Great news: French driftnetters have been stopped in their tracks by the European Court of Justice! They're no longer allowed on the water, which will result in 25,000 bluefin tuna being saved this season alone. See Oceana's run in with French driftnetters and read our press release on the victory for more info.
A recent Antarctic expedition boasted dozens of new species, including these 2-foot wide starfish.
To make (slightly smaller) starfish cookies at home, consider adopting one from our marine creature adoption center.
To most of us, the word "sanctuary" conjures up images of a sacred, protected place. But in the case of the Monterey Bay National Marine Sanctuary, that is unfortunately not the case.
It takes coral centuries to grow into the beautiful reef gardens that sprawl beneath the sea - but only a moment to destroy them. Destructive fishing methods like bottom trawling as well as pollution and coastal development have put many reefs at risk.
To increase awareness and understanding of coral reefs, and to further conserve these precious ecosystems, the International Coral Reef Initiative has designated 2008 as the International Year of the Reef!
For the last two summers, our catamaran, Ranger has been patrolling the Mediterranean, documenting marine species and habitat. These brilliant underwater photographs are used as part of our research to convince governments to enact and enforce policies to protect our oceans. Please do your part to protect our corals and celebrate this special year.
* Be an informed consumer: Make sure any marine organisms you purchase have been collected in an ecologically sound manner.
* Don't dump waste: Whether it's in the form of sewage or run-off from your front lawn, it drains directly to the ocean.
* Support our efforts to stop destructive trawling by making a donation today.
Destructive trawls and dredges use large, heavy nets kept open by doors, weighing as much as several tons each, that drag across large areas of seafloor to catch fish that live on or near the ocean floor.
Oceana is campaigning to protect deep sea corals and sponges and other vulnerable seafloor habitat, and to prevent bottom trawling from expanding into new areas. Learn More >>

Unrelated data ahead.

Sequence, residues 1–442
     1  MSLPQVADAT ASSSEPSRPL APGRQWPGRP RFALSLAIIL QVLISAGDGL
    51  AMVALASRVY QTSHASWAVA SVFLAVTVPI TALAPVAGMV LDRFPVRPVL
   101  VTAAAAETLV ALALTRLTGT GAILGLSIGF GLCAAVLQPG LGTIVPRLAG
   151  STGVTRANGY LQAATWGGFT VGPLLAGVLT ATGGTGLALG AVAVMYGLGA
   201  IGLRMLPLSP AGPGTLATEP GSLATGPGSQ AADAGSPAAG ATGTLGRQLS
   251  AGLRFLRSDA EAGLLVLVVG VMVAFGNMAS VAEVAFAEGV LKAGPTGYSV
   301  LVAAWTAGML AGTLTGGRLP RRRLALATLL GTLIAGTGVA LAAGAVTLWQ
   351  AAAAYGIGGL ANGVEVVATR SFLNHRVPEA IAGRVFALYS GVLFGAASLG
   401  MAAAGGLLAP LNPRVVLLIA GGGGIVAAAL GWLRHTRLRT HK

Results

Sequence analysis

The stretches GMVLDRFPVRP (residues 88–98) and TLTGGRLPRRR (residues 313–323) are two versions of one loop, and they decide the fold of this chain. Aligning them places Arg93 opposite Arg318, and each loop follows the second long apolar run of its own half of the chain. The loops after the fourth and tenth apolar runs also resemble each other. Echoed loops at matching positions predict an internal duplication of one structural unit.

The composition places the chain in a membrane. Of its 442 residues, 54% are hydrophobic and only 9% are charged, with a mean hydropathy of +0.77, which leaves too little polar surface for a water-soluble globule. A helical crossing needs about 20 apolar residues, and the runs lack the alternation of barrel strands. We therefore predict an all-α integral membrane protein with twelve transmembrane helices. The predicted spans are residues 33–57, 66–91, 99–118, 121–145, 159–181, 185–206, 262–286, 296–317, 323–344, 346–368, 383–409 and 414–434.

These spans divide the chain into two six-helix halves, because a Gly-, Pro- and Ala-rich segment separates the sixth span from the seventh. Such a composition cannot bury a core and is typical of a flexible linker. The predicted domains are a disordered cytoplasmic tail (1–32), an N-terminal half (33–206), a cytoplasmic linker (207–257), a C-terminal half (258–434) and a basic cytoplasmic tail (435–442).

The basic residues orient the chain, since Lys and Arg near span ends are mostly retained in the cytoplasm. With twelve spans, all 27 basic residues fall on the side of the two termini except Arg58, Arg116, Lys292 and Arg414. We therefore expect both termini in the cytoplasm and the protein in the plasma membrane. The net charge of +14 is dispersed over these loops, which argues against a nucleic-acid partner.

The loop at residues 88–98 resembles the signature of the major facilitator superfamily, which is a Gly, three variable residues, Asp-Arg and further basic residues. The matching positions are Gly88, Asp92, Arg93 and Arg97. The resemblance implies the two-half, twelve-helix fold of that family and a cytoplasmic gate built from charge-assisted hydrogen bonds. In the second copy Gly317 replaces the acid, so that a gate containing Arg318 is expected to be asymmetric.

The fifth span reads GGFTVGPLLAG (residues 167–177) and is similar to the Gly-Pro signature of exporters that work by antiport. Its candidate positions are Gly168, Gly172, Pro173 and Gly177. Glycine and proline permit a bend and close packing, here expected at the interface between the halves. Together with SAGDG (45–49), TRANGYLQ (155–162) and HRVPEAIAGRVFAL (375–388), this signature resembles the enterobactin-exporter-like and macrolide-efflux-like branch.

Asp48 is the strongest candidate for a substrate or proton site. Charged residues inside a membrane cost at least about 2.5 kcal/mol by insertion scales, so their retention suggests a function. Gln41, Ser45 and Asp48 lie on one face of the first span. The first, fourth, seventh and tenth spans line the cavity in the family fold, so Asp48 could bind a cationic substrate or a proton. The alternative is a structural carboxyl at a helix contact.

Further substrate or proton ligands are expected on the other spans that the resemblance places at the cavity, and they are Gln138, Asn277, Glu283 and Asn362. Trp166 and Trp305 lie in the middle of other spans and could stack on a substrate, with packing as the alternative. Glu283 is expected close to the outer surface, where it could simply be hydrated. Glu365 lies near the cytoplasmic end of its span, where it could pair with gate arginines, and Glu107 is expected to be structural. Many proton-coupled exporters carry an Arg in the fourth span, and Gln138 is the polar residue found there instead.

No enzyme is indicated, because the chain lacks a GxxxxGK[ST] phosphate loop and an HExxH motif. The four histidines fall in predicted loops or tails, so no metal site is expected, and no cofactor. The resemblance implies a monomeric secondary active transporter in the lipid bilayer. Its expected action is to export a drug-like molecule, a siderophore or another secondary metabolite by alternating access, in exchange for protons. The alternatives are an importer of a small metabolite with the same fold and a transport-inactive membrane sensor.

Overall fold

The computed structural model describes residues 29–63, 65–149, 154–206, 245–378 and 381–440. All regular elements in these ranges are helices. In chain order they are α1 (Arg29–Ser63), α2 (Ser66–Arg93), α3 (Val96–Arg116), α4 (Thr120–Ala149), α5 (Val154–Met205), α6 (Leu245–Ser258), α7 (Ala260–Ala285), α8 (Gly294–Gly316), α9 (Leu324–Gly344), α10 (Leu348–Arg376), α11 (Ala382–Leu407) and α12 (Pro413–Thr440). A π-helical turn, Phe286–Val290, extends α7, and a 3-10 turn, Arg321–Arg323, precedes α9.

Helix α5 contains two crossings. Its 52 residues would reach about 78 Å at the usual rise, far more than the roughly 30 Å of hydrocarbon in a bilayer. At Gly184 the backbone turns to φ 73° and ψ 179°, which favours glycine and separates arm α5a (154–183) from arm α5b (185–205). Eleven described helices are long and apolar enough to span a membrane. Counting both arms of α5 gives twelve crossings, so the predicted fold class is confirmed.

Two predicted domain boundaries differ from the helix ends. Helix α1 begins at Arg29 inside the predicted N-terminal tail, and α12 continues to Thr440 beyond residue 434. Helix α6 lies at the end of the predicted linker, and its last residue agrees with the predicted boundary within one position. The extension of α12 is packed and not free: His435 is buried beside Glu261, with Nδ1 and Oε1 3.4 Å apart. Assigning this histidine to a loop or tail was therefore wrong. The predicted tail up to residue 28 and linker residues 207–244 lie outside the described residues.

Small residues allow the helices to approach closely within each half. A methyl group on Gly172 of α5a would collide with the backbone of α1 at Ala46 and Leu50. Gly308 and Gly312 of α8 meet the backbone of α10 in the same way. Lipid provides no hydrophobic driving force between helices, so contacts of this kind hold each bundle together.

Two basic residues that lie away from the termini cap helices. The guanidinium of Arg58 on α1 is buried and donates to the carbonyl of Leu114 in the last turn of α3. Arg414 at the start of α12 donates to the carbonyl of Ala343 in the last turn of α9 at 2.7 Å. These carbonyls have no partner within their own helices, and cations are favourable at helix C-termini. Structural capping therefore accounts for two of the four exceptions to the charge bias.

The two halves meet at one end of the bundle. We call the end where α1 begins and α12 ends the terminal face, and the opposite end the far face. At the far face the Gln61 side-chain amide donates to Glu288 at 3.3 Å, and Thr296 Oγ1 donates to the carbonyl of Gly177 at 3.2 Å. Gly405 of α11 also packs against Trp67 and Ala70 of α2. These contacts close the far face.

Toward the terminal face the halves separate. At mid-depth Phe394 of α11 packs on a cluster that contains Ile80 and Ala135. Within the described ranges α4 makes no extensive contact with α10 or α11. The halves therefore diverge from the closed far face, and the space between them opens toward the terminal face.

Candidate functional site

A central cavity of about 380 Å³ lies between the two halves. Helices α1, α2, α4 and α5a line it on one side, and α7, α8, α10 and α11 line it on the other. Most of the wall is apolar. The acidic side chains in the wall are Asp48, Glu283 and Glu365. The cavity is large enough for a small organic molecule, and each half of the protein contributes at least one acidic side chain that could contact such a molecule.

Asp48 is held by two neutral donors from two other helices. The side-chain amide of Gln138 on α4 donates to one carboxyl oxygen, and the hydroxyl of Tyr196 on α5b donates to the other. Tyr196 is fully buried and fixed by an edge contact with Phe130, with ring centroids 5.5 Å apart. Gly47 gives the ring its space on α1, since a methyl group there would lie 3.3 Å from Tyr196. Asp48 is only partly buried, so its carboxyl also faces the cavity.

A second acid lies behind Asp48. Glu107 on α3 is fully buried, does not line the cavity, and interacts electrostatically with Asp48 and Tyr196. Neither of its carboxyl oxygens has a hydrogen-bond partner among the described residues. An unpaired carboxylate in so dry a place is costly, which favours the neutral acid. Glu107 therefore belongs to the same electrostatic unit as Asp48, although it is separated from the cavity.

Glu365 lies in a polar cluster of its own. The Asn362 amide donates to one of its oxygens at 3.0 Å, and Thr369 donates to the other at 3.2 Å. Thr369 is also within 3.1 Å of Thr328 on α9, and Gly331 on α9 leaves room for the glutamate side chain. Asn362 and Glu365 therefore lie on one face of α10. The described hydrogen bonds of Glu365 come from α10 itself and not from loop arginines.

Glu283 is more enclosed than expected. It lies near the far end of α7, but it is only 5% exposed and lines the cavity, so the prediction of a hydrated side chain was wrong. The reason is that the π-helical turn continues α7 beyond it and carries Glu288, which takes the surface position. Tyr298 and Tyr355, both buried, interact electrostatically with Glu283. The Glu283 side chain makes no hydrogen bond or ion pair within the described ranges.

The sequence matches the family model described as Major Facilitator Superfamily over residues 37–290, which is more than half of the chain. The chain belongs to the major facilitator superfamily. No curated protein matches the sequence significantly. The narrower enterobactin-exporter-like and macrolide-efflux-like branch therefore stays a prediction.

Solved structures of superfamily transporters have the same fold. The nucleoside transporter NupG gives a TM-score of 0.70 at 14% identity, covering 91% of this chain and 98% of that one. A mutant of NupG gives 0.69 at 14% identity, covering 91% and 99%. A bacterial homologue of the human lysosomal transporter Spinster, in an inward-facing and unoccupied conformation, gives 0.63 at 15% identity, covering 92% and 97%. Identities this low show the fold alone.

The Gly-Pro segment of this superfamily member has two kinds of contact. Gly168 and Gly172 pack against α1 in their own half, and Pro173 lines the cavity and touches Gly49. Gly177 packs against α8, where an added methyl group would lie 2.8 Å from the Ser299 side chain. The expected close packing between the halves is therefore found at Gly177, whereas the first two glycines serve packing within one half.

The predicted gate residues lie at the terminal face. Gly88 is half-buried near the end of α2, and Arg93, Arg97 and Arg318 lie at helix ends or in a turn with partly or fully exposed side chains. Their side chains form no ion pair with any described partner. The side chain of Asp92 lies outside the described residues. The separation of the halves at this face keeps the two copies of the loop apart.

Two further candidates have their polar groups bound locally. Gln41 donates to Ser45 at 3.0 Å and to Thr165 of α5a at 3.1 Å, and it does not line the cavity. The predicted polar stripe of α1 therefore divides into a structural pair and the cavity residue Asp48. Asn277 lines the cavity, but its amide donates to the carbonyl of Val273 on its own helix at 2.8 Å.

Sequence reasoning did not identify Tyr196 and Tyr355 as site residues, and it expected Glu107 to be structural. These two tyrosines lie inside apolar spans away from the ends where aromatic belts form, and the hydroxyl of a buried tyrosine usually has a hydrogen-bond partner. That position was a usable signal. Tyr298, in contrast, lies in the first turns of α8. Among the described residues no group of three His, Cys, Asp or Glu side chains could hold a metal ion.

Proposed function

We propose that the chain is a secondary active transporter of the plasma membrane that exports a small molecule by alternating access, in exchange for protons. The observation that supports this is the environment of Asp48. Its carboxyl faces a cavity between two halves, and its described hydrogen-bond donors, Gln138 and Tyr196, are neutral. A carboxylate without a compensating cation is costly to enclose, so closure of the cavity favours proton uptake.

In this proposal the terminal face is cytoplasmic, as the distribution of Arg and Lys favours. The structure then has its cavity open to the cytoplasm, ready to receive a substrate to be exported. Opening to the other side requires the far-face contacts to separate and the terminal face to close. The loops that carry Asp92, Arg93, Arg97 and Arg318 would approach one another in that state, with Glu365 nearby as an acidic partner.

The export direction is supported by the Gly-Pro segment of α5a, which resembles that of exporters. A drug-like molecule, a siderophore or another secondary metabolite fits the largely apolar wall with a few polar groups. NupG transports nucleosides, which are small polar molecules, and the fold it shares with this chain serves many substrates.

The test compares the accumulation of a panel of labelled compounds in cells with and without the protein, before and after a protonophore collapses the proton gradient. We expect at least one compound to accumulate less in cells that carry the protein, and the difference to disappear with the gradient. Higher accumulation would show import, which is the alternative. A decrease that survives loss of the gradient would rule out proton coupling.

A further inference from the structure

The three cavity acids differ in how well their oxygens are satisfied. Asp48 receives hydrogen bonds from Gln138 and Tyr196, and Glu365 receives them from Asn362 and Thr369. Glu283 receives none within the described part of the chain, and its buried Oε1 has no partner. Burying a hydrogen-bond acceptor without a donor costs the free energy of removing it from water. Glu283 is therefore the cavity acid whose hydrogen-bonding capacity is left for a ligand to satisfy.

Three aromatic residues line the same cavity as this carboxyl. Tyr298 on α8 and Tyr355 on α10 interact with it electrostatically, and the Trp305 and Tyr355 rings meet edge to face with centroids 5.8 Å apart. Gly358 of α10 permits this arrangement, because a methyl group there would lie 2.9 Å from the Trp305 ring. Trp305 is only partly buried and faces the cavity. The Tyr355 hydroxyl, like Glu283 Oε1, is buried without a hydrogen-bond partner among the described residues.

They may not move a whole lot, but corals are actually tiny animals, invertebrates that come in all sorts of shapes, sizes and colors. They can be found in waters the world over: warm, cold, deep or shallow. They provide food and shelter for myriad marine creatures and endless opportunities for discovery among scuba divers and snorkelers.
If you're spending three bucks a day on gourmet coffee, you can probably spare a little dough for a do-gooder charity. Might I suggest Oceana? Our campaigns are strategic and effective and do a world of good for our oceans. But don't take my word for it - see this article by Kiplinger.
Planet Protect Sportswear has just opened a new online store that gives customers the option to donation 10 percent of the purchase price to the best darn ocean conservation group out there.
If you'd like to donate proceeds from your biz, let us know at firstname.lastname@example.org.
Last night, I saw a preview for Kevin Bacon's new flick "Death Sentence (must-see!)." Not so long after, I spotted a promo for Damages - the new series starring Glenn Close and my favorite Oceana board member, Ted Danson. Since whatever I was watching last night failed to hold my attention, I found myself playing the classic six degrees of Kevin Bacon game.
Here it goes:
Ted Danson and Tom Hanks in Saving Private Ryan
Tom Hanks and Kevin Bacon in Apollo 13.
Wait...that was really easy. Turns out that didn't hold my attention that long either.
If I wanted to do it in even one less move, I could have just cited this website, that has Kevin, Ted and others raising big bucks for charities.
I, like many of the staff here at Oceana, have often wrestled with how to make our scientific, dare I say "wonky" ocean issues a bit more digestible for the general audience. Take, for example, ocean acidification.
How does one get John Q. Public to pay attention long enough to understand this complex byproduct of global warming? The answer has escaped me ... until now.
Thanks to the work of Jason Him Onesy, I now know that when Oceana launches our global warming campaign (stand by on that one folks), we should lead with some off-the-hook, fresh out of the club scene, techno beats.
- Stocks Show Signs of Recovery, But Still Work to Do Posted Fri, May 17, 2013
- What Do Historic CO2 Levels Mean for the Oceans? Posted Tue, May 14, 2013
- U.S. Coast Guard Captures Illegal Fishermen in Texas Posted Tue, May 14, 2013
- Victory! Delaware Becomes Seventh State in U.S. to Ban Shark Fin Trade! Posted Thu, May 16, 2013
- It's Endangered Species Day! Posted Fri, May 17, 2013